On Jan. 7, someone strolled into a supply room at Camp Eggers, a coalition base near the U.S. embassy in downtown Kabul, pocketed two sets of car keys and walked out undetected. Sometime over the next 24 hours, the thieves drove away with two black-painted, armored Toyota Land Cruisers belonging to the U.S. Army’s 26th Maneuver Enhancement Brigade, a unit that escorts coalition personnel around Kabul.
Archived posts from category ‘Bombs’
Behind the Biggest Bombs on Earth
It made news last week when the PANTEX plant in Texas completed dismantling one of the last Cold War monsters, an early-’60s vintage USAF B-53 nuclear gravity bomb. Using the same “physics package” as the Titan II ICBM warhead, the B-53 was a bunker-buster fitted with huge parachutes and an aluminum-honeycomb crumple zone; its 9 megatons of fission and fusion power could pulverize granite mountains and reduce whole cities to radioactive ash. Within strategic-arms treaties, the U.S. managed retain a few in reserve until the late 1990s — when smaller, more accurate weapons were deployed in the same bunker-busting role.
A deadly suicide attack on a NATO convoy in Kabul at the weekend underscored a key vulnerability in the alliance’s practices. A vehicle filled with explosives rammed a heavily-armored transport traveling along a predictable route. Seventeen NATO soldiers and civilians died in the blast.
Cartoon Movement: Boom!
Improvised Explosive Devices (IEDs) have become the number-one killer of NATO troops in Afghanistan. The lasting effects for those who have survived the powerful blasts include memory loss and changes in personality, the true toll of which we have yet to learn.
After I wrote about being bombed while riding in a MaxxPro Mine-Resistant Ambush-Protected vehicle in Afghanistan, a representative of the vehicle’s manufacturer emailed me to ask if I would mind answering a few questions for the company newsletter.
C-SPAN: IED Explosion in Afghanistan
Freelance video journalist David Axe was embedded with the U.S. Army in Logar Province, south of Kabul, when the military vehicle he was traveling in was struck by an IED. See the complete program here.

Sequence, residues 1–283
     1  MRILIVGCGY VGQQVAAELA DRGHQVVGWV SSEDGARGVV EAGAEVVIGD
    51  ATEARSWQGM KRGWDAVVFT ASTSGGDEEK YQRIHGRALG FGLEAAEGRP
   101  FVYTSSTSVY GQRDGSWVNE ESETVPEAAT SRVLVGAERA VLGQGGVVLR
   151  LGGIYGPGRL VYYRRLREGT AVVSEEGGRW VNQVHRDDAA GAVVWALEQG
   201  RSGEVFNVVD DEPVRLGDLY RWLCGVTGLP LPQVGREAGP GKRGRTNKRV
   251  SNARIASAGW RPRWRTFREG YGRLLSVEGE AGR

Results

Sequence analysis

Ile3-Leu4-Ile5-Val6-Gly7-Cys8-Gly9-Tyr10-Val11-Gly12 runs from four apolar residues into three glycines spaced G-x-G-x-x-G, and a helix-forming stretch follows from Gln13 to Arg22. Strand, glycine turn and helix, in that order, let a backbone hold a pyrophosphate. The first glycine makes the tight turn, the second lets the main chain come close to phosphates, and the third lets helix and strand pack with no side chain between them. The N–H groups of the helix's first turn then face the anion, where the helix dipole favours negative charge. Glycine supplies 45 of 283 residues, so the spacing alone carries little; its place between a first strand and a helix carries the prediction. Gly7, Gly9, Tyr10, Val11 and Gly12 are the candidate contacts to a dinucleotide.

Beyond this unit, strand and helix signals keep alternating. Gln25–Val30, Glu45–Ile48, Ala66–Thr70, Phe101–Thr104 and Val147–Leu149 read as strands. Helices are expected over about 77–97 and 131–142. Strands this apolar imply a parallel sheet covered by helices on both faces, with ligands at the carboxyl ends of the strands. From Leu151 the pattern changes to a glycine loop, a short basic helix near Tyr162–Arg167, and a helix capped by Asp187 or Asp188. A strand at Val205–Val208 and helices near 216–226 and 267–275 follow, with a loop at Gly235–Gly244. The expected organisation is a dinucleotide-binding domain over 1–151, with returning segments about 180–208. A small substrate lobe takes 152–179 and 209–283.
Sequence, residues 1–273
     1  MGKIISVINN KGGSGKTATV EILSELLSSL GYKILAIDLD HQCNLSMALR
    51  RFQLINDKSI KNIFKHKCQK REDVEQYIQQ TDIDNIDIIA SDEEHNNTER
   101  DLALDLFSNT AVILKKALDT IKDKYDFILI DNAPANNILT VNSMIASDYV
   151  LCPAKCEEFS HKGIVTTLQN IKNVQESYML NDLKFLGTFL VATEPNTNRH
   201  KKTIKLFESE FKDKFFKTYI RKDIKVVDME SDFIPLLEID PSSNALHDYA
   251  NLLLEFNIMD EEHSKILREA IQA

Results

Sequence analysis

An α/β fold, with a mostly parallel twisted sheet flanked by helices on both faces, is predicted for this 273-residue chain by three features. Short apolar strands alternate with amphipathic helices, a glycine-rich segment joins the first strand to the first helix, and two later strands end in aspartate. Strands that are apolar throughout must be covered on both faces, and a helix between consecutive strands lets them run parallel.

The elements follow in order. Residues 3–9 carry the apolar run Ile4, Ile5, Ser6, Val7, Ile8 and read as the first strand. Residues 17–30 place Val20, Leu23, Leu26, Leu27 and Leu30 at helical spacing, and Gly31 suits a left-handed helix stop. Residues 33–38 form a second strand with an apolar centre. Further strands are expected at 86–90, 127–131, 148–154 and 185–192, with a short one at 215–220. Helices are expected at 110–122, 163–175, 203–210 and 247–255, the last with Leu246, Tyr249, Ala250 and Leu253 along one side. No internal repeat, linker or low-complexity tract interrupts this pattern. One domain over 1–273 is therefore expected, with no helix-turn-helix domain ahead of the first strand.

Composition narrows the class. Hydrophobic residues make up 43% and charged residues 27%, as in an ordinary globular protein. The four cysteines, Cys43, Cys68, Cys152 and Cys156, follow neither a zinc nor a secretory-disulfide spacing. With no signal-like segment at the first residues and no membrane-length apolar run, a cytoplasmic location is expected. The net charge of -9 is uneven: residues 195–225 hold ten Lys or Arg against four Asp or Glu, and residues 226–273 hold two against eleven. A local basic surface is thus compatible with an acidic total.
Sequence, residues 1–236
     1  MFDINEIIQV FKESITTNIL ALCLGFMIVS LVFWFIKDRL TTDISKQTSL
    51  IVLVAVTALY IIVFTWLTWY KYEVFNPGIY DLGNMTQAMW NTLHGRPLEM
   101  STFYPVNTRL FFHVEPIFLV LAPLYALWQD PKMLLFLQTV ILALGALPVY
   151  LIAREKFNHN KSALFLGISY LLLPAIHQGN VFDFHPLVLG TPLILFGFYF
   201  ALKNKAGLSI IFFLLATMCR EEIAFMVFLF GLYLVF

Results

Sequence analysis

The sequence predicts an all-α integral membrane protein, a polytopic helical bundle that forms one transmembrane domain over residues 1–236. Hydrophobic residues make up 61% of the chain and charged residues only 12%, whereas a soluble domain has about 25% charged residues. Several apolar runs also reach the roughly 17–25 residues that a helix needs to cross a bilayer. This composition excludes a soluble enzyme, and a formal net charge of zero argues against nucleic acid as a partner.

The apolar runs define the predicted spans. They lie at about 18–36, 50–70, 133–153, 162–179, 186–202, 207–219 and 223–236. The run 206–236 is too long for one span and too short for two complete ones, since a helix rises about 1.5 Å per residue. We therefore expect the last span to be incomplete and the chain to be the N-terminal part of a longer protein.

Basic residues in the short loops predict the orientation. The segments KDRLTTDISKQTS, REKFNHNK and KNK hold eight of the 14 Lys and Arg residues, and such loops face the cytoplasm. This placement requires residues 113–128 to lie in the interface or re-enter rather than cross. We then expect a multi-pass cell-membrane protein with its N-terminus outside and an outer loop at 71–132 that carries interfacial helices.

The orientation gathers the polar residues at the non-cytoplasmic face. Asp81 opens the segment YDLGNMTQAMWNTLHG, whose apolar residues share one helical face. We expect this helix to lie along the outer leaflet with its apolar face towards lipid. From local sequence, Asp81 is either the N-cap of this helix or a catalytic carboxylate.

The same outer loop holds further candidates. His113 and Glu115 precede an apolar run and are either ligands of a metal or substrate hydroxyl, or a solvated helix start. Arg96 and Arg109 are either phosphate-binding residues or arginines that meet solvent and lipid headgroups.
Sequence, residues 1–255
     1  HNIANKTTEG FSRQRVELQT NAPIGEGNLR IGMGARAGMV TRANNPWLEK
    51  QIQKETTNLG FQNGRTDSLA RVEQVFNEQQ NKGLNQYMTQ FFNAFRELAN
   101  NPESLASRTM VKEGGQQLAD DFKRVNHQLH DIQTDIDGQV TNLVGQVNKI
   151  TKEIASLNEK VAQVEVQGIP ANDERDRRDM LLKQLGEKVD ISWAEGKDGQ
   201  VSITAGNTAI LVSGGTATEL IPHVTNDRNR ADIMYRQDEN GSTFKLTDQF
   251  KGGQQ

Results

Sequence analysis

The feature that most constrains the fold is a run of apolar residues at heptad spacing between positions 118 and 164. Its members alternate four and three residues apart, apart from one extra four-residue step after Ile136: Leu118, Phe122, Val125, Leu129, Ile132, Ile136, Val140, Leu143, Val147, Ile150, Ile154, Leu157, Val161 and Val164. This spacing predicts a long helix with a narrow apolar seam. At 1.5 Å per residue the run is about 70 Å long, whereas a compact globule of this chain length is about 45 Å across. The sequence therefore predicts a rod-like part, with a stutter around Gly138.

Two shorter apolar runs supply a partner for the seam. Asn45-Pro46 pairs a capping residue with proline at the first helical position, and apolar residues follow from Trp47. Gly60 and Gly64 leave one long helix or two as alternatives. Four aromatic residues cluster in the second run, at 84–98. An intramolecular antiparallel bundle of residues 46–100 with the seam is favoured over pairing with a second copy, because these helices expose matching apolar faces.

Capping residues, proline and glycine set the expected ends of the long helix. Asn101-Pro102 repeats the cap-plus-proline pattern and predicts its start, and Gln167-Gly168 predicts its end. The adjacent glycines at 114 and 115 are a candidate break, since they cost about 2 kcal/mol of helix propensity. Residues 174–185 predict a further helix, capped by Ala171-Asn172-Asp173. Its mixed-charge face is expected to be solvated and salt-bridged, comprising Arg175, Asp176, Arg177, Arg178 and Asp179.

Staff Sgt. Marcus Jimenez was pissed. On March 19, he had led a force of U.S., Afghan and Jordanian soldiers into the village of Pakhab-e’Shana, in eastern Afghanistan’s Logar province, with what Jimenez considered the best of intentions. While the Americans conferred with village elders, the Jordanians and Afghans would inspect the town’s four mosques, to see if there were any repairs NATO and the Afghan government might help pay for. In addition, the Americans and Jordanians had some soccer balls to hand out.
With a deadly bomb possibly lying just inches under their feet, any sane person would — oh, I don’t know — run away. But these uniformed madmen have a job to do. They run toward a potential explosive, with nothing but steady hands and body armor to protect them.
Fifteen days after twin suicide bombings killed 76 people in Kampala, Uganda, President Yoweri Museveni used an African Union summit in the capital city to declare war on the Somali group responsible for the July 11 bombing — as well as on foreign fighters aiding the group. “The terrorists should be wiped out of Africa,” Museveni said on Monday. “Let us act and sweep them out of Africa and to where they came from in Asia and the Middle East.”
Sick of this back-and-forth from BP and the Coast Guard on containment caps yet? After fears that leaks in the device could make the Gulf Coast spill even worse, national incident commander Thad Allen promised on Thursday that it was merely a “precursor” to plugging the oil. If the latest test doesn’t work (again), could the next best option be sending a mini-nuke into the water? Scientists and engineers tell The Politics Blog that the Department of Homeland Security is interested in bunker-busting techniques — not least of all because the plan could sidestep BP with existing U.S. government technology — and that inducing a massive explosion in the Gulf might not be as crazy as it sounds. Here’s why.
It was a scorched-Earth campaign, the likes of which the world had never seen.